MH370 breakthrough hopes surge as investigators plan to use 'pressure signals' to pinpoint location



George Bunn

By George Bunn

Published: 30/05/2024

- 11:39

The flight disappeared on Saturday, March 8 2014 during a routine journey from Kuala Lumpur to Beijing

A possible breakthrough in the case of MH370 could be on the cards as a new plan to use sea explosions has been put forward.

The plane went missing in 2014 during a flight between Malaysia and China, with no explanation ever given to why it disappeared.

However, according to findings published in Scientific Reports, audio signals captured at a hydro-acoustic station off the coast of Australia could be key to locating the doomed flight.

Researchers have proposed a series of controlled underwater explosions to see if they can isolate a more precise location.

\u200bFamilies write on the memorial wall for victims of MH370

Families write on the memorial wall for victims of MH370


Dr Usama Kadri from Cardiff University’s School of Mathematics said: "Our analysis shows clear pressure signals from previous aircraft crashes were detected on hydrophones, even at distances exceeding 3,000km

"In the case of MH370, official investigations concluded the aircraft must have crashed near the 7th arc, the point at which the last communication between the plane and INMERSAT [a British satellite telecommunications company] occurred.

"The main search area at the 7th arc lies less than 2,000km away from the hydroacoustic station at Cape Leeuwin, Australia, with no impediments to filter out the signal.

"However, within the time frame and location suggested by the official search, only a single, relatively weak signal was identified."


\u200bCape Leeuwin, Australia

Cape Leeuwin, Australia

Google Maps

The proposal would see a series of controlled underwater explosions or air gun fire along the 7th arc, something which could be used to determine the flight's final resting place.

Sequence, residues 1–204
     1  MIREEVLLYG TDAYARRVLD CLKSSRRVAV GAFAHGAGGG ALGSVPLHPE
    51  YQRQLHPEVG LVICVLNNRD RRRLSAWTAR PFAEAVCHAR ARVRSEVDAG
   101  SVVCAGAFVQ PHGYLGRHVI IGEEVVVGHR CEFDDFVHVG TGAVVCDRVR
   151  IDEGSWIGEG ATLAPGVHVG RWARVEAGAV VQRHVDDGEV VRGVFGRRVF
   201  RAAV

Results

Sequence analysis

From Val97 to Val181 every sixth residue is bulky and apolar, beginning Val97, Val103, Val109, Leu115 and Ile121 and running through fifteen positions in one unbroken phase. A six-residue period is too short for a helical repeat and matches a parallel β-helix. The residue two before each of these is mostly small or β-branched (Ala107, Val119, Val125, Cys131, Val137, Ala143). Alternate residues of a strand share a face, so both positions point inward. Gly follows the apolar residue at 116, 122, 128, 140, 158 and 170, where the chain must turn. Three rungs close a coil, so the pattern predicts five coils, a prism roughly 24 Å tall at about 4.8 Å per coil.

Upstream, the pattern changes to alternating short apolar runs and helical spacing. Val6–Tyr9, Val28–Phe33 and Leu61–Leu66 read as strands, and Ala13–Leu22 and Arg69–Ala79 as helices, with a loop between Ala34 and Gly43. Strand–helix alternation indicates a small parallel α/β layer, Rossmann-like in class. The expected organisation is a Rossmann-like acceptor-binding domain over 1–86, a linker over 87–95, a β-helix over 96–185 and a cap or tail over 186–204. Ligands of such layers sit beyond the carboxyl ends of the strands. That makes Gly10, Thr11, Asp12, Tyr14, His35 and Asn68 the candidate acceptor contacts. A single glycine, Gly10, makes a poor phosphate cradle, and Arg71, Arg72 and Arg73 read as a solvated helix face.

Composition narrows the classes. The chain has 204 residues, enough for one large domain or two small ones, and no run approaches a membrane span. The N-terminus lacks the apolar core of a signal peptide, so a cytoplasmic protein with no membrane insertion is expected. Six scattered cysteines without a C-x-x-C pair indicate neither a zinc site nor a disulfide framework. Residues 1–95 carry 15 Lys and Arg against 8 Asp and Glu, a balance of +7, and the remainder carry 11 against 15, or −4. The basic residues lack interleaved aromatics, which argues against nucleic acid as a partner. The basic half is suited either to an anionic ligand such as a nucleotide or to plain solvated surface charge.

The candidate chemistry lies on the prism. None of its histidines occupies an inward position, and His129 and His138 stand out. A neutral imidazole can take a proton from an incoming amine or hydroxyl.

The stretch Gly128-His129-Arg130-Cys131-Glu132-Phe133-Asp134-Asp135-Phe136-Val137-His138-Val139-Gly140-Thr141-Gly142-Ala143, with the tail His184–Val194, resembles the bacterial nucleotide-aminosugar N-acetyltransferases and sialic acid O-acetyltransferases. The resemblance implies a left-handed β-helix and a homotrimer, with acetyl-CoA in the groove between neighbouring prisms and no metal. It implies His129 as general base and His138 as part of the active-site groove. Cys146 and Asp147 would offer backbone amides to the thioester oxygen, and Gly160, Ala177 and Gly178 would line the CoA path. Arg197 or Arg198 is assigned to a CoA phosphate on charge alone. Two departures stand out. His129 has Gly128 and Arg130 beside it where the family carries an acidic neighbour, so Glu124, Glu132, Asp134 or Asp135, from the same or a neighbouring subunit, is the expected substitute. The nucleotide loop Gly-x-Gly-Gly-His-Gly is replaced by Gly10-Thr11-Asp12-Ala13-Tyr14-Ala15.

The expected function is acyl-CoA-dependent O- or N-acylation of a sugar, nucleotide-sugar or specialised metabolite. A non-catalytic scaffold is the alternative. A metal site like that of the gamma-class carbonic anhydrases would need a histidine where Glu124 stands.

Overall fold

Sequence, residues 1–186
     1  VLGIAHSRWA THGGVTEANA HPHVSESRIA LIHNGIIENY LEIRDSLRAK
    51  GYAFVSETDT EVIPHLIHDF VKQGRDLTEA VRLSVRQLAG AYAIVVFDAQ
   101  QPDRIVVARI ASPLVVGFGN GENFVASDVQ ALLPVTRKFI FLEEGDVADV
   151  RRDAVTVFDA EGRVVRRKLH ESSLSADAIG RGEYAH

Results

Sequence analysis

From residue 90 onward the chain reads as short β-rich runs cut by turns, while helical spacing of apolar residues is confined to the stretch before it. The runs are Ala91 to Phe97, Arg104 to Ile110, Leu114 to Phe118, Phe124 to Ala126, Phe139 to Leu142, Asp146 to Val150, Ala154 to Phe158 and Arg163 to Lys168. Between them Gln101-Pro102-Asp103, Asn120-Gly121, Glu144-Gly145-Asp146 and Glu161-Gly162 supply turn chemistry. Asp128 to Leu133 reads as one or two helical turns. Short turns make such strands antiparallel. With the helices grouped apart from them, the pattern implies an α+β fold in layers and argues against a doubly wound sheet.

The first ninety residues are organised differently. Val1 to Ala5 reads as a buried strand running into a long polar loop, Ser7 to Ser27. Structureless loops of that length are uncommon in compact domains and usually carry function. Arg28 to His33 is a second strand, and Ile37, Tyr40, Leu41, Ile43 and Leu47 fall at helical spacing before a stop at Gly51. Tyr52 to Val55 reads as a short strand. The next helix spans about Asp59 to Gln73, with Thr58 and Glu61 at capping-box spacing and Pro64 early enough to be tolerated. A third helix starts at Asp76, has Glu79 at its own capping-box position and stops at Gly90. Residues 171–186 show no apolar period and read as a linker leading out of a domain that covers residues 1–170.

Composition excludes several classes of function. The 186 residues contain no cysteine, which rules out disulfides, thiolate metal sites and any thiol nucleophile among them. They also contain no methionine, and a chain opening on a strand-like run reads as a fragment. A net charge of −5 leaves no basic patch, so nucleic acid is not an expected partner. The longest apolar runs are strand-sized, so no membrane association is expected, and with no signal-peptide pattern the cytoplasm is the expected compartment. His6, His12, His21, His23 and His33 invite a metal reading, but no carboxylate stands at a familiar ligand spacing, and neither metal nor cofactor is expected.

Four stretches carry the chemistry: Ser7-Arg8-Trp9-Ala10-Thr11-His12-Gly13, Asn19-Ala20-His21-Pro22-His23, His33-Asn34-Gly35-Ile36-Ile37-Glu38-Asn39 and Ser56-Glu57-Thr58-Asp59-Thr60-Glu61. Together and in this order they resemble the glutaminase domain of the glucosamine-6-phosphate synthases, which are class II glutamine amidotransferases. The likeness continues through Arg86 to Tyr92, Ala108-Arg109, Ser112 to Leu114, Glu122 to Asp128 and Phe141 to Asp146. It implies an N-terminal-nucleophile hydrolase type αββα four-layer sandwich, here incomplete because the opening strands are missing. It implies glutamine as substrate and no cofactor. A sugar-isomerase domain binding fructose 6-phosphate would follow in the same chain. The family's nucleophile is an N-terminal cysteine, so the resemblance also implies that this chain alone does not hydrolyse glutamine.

It would not the first time the system has been used as it was utilised in the search for ARA San Juan, an Argentinian submarine that disappeared in 2017.

Dr Kadri added: "It is relatively straightforward and feasible and could provide a means to determine the signal’s relevance to MH370, prior to resuming with another extensive search. If found to be related, this would significantly narrow down, almost pinpoint, the aircraft’s location.

"On the other hand, if the signals are found to be unrelated, it would indicate a need for authorities to reassess the time frame or location established by their official search efforts to date."

Satellite data analysis showed the plane likely crashed somewhere in the southern Indian Ocean, off the coast of western Australia. However, two major searches failed to come up with any significant findings.

The final transmission from the Malaysia Airlines plane was about 40 minutes after it took off from Kuala Lumpur for Beijing. Captain Zaharie Ahmad Shah signed off with "Good night, Malaysian three seven zero", as the plane entered Vietnamese air space.

Shortly thereafter, its transponder was turned off, which meant it could not be easily tracked.

Malaysian Prime Minister Anwar Ibrahim said in March the government is willing to re-open an investigation into the disappearance of MH370, if there was a compelling case to do so.

Transport Minister Anthony Loke said US seabed exploration firm Ocean Infinity had been invited to discuss a new search proposal. Loke said Malaysia would talk to Australia about cooperation in resuming the search once Ocean Infinity's proposal is approved by Malaysia's cabinet.

You may like